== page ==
|“Knob and tube” (K&T) wiring|
• Two separate conductors held in place by ceramic knobs.
Ungrounded twin-conductor cable, called “NMD-1”
• NMD-1 contained no ground wire (Ground wire was not required in code until 1962).
|NMD 3 & 6|
• The predominant cables used during this period.
• The insulation temperature ratings of these cables are 60°C and 75°C respectively.
• Worked fine for most circuits, but not for recessed ceiling lighting (pot lights).
|Aluminum wiring (Al)|
• Installed in the vast majority of houses as an inexpensive
solution to escalated price of copper.
• Can be extremely dangerous if not checked and maintained regularly by a licensed electrical contractor.
• Homes wired with Al, are 55 times more likely to lead to structure fires than copper wired homes.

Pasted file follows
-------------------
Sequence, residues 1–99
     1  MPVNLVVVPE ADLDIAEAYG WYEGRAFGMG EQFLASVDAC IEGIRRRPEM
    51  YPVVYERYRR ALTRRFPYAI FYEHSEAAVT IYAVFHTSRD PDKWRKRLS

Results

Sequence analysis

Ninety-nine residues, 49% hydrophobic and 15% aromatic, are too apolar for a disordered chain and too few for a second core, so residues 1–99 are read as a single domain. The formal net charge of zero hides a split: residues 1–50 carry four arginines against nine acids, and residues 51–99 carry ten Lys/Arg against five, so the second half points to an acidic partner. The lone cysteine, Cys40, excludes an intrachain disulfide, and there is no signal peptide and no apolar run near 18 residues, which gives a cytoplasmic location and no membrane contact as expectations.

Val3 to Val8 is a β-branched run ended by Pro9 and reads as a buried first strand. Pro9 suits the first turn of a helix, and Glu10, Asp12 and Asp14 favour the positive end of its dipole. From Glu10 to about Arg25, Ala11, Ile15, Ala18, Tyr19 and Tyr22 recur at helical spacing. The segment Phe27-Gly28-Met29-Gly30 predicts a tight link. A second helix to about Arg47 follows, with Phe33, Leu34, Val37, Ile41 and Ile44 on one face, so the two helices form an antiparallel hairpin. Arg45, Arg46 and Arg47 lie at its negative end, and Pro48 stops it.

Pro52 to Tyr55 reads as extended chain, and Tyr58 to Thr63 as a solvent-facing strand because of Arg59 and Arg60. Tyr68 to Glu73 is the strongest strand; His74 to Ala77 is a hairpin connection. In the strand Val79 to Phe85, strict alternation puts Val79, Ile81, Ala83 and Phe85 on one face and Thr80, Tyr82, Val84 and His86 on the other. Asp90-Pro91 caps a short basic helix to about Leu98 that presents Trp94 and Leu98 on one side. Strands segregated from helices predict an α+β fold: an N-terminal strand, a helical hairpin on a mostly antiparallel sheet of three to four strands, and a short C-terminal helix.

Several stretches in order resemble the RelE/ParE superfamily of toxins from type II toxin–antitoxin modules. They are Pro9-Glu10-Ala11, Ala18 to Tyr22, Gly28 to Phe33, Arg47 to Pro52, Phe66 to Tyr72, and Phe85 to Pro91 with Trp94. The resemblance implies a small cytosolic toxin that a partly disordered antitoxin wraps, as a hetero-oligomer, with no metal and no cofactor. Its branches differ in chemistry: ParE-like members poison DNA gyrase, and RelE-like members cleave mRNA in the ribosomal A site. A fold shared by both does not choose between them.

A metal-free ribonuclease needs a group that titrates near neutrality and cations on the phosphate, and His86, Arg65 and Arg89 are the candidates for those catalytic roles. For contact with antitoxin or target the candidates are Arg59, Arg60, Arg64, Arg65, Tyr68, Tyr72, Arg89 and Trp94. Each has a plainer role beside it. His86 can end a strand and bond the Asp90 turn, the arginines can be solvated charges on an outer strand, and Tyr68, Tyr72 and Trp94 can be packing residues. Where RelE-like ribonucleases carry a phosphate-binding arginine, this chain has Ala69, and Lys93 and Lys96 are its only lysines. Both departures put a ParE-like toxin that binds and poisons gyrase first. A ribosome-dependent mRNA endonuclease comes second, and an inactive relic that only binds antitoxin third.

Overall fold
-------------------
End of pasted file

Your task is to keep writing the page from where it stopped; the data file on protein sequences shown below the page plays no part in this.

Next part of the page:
|Modern cable (NMD 7 & NMD-90)|
• Modern house wire. Jacket of PVC.
• Approved for use with ceiling fixtures. Rated at 90°C.
The Canadian Electrical Code, CE code is a standard published by the Canadian Standards Association pertaining to the installation and maintenance of electrical equipment in Canada.
The first edition of the Canadian Electrical Code was published in 1927. The current (23rd) edition was published in 2015. Code revisions are now scheduled on a three-year cycle.The Canadian Electrical Code serves as the basis for wiring regulations across Canada. Generally, legislation adopts the code by reference, usually with a schedule of changes that amend the code for local conditions.
Since the introduction of electricity in homes, circa. 1910, various electrical wiring types have evolved. The primary types can be loosely grouped into five different categories. All wiring types if installed and maintained correctly can be safe. However, if not installed or maintained correctly, each has potential risks.